I wouldn’t hold your expectations as high for the Silverberg though, that’s mostly stories he wrote for “I can’t believe it’s not Planet Stories” digest mags. Literally, Larry Shaw came to him and asked if he’d write short novels in the same vein as Planet and Thrilling Wonder, the pulp magazines which had folded a few years earlier. I liked some of them (“Spacerogue” was entertaining) but they felt more a homage to what he read as young man and don’t really correlate to his 1970s works, so I’m not sure they’re as up your alley.
Yup, they are definitely all 50s pulp (and I have not been a fan of some of his pulp in the past). Although, sometimes his pulp short stories have some inklings of his later greatness — not so much his 50s/early 60s novels (or at least the ones I’ve read).
I enjoyed Wyst immensely. Marune was lacking but definitely enjoyable. So, I am very excited about reading Trullion.
One of the things I really like about your blog is the chance to revisit from a different perspective books I sometimes still have, and sometimes acquired when they first came out, but are now nonetheless somewhat distant in memory. Overman Culture is a good example. I haven’t read it in a very, very, very, very long time, but I remember the general outline quite well, as I do another Edmund Cooper book, Seahorse in the Sky. In some way books like Cooper’s, and a few others like Garry Kilworth’s Night of Kadar, served to influence my own writing in some subtle way.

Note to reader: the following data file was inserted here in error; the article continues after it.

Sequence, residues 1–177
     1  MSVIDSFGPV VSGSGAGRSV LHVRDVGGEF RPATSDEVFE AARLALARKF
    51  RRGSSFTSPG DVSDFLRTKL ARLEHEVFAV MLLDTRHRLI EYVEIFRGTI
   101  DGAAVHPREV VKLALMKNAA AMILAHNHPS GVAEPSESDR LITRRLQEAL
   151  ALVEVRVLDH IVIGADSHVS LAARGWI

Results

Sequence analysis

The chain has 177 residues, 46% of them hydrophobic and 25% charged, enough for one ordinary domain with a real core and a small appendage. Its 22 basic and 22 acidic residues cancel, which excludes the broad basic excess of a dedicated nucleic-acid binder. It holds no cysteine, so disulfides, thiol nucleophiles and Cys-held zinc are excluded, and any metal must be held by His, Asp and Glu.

Thanks for the kind words. I’ve only read Cooper Seed of Light (1959).
I’ve seen Seahorse in the Sky on the shelf but for some reason never picked it up.
Seahorse in the Sky was one of my favourite books by Cooper. As was Transit, which was quite similar in theme. I’m sure I read The Overman Culture but remember almost nothing about it now…
The Zelazny was great when I read it; don’t know how it’s aged.
The Vance is one of my favourites of his and was the 1st of the Alastor books to come out. I still have that cover, and the re-issue by DAW with a cover that matched the art on the other two books when they published them. Not read any of the set for years; might be time to re-visit them!
You definitely should reread Alastor! But, skip Marune… It’s rather on the average side. I’m very excited about the Zelazny short fic collection.